Grand Rounds Review: Delirium

This morning, Dr. Sharon Inouye gave us an excellent overview of delirium, with a focus on acute delirium in the elderly. She is the director of the Aging Brain Institute and Professor of Medicine at the Harvard School of Medicine and Beth Isreal Deaconess Medical Center. As a leading expert in the field, Dr. Inouye developed the Confusion Assessment Method (CAM), an internationally recognized method for identifying delirium. Here is a synopsis of her talk, with salient points that directly apply to our clinical practice.

Risk Factors for Delirium

  • Underlying dementia
  • Older age
  • Co-morbid illness
  • Severity of medical illness
  • Infection
  • ‘High-risk’ medication use (see below!)
  • Diminished activities of daily living
  • Immobility
  • Sensory impairment (vision, hearing)
  • Urinary catheterization
  • Urea and electrolyte imbalance
  • Malnutrition

Potentially Inappropriate Medications for the Elderly

In 2012, the American College of Geriatrics released the Beers criteria for medications with potential harm (including risk for delirium) in the elderly – mant of the medications we most commonly use populate this list!

  • Anticholinergics
    • 1st generation antihistamines (diphenhydramine, chlorpheniramine, etc.)
    • Anti-parkinson agents (benztropine)
    • Anti-spasmodics (dicyclomine, hyoscyamine, etc.)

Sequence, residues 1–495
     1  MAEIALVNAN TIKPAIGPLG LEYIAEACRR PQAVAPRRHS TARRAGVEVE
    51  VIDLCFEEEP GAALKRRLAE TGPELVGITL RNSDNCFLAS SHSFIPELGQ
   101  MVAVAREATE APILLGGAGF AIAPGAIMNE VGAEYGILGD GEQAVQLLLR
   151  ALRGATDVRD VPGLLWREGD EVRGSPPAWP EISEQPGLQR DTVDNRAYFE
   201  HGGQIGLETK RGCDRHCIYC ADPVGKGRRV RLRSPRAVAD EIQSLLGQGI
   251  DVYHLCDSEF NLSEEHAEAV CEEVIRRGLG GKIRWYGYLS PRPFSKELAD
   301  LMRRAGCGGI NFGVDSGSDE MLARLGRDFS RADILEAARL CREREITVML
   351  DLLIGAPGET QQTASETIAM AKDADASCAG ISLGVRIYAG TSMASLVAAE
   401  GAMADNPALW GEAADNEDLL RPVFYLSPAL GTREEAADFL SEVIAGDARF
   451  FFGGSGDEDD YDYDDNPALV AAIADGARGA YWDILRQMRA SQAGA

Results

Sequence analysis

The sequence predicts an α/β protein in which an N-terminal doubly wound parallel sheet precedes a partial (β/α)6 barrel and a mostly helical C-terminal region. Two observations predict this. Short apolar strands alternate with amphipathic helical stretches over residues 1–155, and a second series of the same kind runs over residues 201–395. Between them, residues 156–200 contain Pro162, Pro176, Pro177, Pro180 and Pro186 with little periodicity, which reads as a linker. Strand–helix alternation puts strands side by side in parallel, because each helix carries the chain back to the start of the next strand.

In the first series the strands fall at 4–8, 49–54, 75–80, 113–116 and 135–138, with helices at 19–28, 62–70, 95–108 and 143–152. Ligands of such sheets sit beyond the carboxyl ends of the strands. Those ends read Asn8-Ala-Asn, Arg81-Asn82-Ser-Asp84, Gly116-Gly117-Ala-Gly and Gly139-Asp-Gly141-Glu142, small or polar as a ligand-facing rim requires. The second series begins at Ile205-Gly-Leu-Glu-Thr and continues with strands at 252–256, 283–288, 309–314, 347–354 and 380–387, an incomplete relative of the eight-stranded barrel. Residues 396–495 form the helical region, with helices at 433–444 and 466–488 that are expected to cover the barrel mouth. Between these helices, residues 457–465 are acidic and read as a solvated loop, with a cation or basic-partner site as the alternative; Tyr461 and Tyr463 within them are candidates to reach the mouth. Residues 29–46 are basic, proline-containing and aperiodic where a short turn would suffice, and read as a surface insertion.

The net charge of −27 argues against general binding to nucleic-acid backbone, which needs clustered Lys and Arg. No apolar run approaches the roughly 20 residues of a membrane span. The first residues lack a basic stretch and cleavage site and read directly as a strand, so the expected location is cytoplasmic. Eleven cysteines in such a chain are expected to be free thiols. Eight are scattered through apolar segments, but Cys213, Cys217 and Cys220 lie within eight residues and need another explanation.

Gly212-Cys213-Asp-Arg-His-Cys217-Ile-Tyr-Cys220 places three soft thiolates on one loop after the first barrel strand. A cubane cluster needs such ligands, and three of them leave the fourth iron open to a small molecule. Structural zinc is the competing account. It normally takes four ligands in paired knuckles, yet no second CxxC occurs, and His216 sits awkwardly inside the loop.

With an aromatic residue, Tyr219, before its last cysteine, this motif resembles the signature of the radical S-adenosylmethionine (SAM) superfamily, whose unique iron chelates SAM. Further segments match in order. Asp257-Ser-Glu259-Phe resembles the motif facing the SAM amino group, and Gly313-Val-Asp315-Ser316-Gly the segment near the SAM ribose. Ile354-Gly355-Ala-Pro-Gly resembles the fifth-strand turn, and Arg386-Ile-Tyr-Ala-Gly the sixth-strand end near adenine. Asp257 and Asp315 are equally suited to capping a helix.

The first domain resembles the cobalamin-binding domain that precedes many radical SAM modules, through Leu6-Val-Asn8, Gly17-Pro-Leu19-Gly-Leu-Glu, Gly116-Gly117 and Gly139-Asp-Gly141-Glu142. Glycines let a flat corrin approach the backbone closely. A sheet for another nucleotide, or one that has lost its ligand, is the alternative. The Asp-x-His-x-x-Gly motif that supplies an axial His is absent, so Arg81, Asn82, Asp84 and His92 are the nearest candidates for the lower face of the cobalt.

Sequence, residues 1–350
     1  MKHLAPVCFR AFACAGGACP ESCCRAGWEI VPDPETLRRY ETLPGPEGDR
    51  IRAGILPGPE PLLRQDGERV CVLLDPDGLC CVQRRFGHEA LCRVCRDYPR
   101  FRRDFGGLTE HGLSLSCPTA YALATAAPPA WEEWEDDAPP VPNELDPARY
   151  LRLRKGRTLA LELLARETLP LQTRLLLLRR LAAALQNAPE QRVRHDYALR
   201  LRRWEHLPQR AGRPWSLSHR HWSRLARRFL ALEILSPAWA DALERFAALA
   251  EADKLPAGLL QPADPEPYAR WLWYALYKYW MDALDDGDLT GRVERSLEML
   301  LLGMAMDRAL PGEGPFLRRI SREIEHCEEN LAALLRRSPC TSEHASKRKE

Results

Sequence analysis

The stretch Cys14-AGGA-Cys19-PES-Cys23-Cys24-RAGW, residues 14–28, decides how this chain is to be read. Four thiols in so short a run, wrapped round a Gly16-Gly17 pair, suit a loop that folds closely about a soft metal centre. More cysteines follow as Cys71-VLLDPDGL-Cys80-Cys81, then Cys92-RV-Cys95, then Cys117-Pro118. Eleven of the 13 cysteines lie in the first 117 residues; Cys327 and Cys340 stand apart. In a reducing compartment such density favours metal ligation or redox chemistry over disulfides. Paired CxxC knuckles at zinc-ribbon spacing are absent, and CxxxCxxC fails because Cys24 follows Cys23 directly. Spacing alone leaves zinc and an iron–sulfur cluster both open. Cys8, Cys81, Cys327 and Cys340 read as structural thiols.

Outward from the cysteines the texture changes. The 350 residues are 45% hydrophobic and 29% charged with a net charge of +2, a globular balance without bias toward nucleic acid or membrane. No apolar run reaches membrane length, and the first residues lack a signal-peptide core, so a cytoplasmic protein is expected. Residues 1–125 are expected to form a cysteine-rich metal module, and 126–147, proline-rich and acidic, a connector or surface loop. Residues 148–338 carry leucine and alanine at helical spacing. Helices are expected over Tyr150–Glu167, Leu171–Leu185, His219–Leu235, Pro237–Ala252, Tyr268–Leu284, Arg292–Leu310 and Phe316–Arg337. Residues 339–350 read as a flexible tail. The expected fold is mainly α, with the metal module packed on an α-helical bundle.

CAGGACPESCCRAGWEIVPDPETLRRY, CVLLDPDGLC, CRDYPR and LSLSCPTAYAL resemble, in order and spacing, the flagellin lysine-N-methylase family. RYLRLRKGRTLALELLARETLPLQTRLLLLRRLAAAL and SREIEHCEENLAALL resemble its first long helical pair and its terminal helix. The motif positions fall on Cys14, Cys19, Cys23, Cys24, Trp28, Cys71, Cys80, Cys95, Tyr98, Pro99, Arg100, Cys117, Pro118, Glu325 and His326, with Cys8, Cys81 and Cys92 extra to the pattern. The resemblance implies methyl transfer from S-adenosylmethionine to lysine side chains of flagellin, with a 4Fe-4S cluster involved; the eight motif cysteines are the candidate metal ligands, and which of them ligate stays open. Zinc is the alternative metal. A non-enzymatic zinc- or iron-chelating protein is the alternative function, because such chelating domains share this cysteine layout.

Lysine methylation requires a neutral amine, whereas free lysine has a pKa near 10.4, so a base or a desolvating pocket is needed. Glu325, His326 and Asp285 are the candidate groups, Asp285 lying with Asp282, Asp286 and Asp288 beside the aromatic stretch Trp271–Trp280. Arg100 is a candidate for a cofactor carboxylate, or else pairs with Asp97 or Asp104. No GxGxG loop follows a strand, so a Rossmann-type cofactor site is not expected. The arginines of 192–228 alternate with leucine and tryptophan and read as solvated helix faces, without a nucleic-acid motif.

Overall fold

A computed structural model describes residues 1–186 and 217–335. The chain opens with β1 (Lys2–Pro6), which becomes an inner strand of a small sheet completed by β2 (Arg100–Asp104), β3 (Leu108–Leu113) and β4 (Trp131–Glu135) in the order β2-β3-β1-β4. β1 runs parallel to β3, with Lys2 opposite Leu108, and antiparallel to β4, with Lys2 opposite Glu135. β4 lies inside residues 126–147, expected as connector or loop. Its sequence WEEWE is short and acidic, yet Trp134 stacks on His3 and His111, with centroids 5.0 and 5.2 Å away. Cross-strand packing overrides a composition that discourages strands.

• Anti-microbials (Nitrofurantoin – pulm toxicity)
  • CNS medications
    • Tricyclics (amitriptyline, imipramine, doxepin – very antichol)
    • Conventional and Atypical Anti-psychotics
    • Benzos (increased risk of cognitive impairment)
  • Sedative/Hypnotics (zolpidem, eszopiclone, etc.)
  • Anti-arrhythmics (disopyramide, etc.)
  • Antitussives (dextromethorphan, etc.)
  • Anti-vertigo meds (meclizine, etc.)
  • H2-blockers (famotidine, etc.)
  • Mydriatics (atropine, etc.)

The list goes on, for more information, click here.

Diagnosis/Identification of Delirium

The Confusion Assesment Method


(to use the CAM, click the image above to visit the HELP website)


  • Non-pharmacologic measures are best! Guidelines do not recommend pharmacologic management as a first line, except for a few specific situations.
    • Re-orientation
    • Reduce medications
    • Reduce length of stay
    • Maintain day-night cycle
    • Familar surroundings and people
    • Remove catheters!
    • Maintain nutritional balance
  • Drug treatment may reduce agitation, but may prolong delirium duration and cognitive decline.
    • Pearl – reserve for patients with severe agitation which will:
      1. Cause interruption of essential medical therapy (i.e. intubation)
      2. Pose potential harm to the patient or staff
    • Recommended Approach: 
      • Haloperidol 0.25-0.50 mg PO or IM (avoid IV – short acting and can precipitate torsades de pointes)
      • Repeat dose q30 minutes until patient is manageable (maximum dose 3-5mg/24 hours)
      • Maintenance: 50% of loading dose divided over the next 24 hours
      • Taper dose of the next several days